Interview – Ross Greenwood 2GB
- Minister for Vocational Education and Skills
- Deputy Leader of the House
Ross Greenwood: But what I want to go to now is a man who no doubt will be hearing some of those stories and really be hoping like hell that he never has to deal with that himself. Now, as the Minister for Vocational Education and Skills, Luke Hartsuyker, the Federal Government minister has got to deal with a number of things, but one thing he’s got to deal with right now is a significant investigation by the competition watchdog, the ACCC. There was legal action launched in the Federal Court on Monday about a company called Phoenix Institute. Now get this; this company has copped this year alone $106 million from the Federal Government to provide courses, which in many cases it simply didn’t provide. In some cases, salespeople authorised by Phoenix – according to Michael Bachelard signed them up for multiple online diploma courses that cost $18,000 each, even though some didn’t have access to the internet.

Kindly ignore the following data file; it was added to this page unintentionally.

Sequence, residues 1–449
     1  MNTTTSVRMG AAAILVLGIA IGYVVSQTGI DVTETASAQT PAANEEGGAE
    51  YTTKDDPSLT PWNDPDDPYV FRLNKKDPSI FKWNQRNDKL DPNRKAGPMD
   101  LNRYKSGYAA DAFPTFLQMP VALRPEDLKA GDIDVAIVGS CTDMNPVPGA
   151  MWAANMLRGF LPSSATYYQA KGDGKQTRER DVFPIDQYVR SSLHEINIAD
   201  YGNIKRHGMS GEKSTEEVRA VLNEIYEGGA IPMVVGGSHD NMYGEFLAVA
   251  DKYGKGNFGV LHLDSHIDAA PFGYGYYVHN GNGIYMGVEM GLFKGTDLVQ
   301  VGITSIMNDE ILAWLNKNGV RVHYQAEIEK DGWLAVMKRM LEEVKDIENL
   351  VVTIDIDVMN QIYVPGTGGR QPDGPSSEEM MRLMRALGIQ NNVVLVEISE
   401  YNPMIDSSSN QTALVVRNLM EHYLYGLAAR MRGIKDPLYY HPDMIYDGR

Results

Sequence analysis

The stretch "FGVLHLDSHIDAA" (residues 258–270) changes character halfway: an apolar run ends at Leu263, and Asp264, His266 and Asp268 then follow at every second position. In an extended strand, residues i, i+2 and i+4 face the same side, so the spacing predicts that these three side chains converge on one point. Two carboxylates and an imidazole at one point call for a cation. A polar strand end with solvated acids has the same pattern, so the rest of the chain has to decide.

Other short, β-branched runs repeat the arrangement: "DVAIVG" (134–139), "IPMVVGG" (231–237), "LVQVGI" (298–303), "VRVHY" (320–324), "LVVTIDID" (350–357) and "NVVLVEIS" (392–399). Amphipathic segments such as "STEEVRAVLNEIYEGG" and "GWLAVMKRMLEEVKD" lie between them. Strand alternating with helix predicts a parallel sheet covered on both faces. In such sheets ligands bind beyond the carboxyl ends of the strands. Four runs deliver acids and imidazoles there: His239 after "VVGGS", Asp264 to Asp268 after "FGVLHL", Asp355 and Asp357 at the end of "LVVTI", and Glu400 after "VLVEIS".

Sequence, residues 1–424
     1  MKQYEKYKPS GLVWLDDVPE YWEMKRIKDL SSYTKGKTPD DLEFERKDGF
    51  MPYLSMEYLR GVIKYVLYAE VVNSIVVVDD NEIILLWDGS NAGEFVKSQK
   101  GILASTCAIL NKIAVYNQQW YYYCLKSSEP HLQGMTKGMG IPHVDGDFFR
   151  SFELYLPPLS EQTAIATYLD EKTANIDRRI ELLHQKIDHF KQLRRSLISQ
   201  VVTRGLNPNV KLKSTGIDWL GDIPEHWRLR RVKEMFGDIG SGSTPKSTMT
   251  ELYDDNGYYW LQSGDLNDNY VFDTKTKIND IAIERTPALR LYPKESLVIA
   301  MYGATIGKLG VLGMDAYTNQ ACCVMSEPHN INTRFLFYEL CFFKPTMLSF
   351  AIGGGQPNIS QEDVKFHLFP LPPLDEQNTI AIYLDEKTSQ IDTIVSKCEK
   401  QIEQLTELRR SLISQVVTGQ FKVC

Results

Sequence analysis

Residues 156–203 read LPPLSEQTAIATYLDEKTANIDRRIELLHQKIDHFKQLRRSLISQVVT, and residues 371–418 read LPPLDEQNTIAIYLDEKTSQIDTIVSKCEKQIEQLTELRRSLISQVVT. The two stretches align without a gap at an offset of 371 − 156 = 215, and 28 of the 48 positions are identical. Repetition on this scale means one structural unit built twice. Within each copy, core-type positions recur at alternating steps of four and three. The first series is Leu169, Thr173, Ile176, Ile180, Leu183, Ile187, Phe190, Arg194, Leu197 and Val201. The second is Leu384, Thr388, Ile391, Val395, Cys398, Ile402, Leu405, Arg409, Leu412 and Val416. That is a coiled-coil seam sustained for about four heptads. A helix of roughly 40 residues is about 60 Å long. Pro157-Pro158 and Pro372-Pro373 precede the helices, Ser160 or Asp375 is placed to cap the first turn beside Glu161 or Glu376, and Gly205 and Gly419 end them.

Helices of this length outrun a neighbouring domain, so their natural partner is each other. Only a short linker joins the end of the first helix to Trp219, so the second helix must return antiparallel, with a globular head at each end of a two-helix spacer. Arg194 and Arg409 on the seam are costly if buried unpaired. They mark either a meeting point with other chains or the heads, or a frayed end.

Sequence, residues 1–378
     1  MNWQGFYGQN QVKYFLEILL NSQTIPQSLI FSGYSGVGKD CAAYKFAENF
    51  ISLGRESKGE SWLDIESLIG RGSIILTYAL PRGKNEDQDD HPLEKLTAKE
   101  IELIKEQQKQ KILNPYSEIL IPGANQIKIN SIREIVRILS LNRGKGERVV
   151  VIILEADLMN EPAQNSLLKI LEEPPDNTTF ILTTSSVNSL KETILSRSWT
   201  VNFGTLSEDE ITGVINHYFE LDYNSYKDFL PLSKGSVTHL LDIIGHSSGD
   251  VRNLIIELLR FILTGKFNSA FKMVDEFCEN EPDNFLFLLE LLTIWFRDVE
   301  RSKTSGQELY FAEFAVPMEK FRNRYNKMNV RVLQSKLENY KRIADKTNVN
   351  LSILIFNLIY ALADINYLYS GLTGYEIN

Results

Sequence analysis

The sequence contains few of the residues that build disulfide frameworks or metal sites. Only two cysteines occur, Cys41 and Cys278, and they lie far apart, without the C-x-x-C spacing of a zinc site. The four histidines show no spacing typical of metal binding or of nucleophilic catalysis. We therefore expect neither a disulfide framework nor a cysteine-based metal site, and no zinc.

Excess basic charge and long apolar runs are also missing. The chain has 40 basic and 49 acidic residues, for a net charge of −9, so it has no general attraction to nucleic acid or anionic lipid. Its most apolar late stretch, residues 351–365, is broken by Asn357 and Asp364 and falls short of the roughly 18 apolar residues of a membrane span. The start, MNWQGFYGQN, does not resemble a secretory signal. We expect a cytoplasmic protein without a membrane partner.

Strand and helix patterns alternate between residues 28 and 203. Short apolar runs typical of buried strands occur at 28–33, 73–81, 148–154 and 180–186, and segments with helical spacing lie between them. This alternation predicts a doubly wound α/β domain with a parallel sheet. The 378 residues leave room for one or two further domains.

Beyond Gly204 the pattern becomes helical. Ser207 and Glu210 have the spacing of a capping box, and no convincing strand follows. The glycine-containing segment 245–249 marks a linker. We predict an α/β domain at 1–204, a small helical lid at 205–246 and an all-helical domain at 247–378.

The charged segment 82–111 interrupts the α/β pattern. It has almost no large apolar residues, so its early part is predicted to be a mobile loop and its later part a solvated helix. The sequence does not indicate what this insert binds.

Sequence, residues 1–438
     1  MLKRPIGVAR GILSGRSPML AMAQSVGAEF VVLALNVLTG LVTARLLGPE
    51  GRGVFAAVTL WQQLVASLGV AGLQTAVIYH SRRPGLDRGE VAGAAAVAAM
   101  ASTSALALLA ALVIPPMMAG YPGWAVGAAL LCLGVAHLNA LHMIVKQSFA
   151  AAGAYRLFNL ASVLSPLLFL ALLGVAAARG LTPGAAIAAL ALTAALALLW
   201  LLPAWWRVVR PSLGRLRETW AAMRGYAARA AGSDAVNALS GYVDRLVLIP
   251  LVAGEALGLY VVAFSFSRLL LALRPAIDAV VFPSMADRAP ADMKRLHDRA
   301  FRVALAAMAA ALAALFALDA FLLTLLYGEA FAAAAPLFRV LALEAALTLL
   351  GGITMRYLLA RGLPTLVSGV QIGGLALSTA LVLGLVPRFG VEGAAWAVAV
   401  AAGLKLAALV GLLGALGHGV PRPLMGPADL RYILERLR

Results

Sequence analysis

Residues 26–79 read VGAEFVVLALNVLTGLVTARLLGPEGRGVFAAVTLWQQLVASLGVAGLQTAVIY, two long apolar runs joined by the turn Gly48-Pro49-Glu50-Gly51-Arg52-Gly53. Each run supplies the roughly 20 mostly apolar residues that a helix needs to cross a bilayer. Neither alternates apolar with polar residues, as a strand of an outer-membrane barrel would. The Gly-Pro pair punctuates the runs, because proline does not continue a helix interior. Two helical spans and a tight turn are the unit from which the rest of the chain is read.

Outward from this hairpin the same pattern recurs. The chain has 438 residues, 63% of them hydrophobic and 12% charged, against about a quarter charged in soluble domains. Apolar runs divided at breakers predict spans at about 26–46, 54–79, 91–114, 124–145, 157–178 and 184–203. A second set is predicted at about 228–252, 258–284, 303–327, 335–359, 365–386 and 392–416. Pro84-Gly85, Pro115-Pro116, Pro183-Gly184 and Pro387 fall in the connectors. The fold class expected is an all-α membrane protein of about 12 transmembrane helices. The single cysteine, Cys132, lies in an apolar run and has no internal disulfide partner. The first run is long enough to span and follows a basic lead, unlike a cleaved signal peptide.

The company’s now had its registration as a training organisation cancelled, so it can’t get any more funding, but Rod Sims, the chairman of the ACCC says it’s one of the bigger targets into nine or ten such vocational colleges. One of those colleges, Today Vocation, listed on the stock exchange and has gone into administration after having admitted earlier this year that it lost $19.6 million in government funding from Victoria, because it wasn’t providing the services it promised.
Luke Hartsuyker is on the line right now. Luke, how could we get into this situation with all these private training colleges?
Luke Hartsuyker: Well we’ve had a situation where Labor set up a program without the necessary safeguards in place, without the necessary protections for taxpayers and students, and as a result we’ve got a range of shonky providers who are doing the wrong thing by students, doing the wrong thing by the Australian tax payer. It’s an outrage.
Ross Greenwood: Alright, it is an outrage. Maybe Labor set it up, but you’ve been in power for two years, why has it all come to this right now?
Luke Hartsuyker: Well we’re working on fixing that, and there’s current legislation before the Parliament that is addressing a range of measures to improve the situation. Minister Birmingham earlier in the year acted swiftly to eliminate a number of the dodgy practices; they were getting involved in …
Ross Greenwood: [Interrupts] Explain the dodgy practices Luke, what was going on?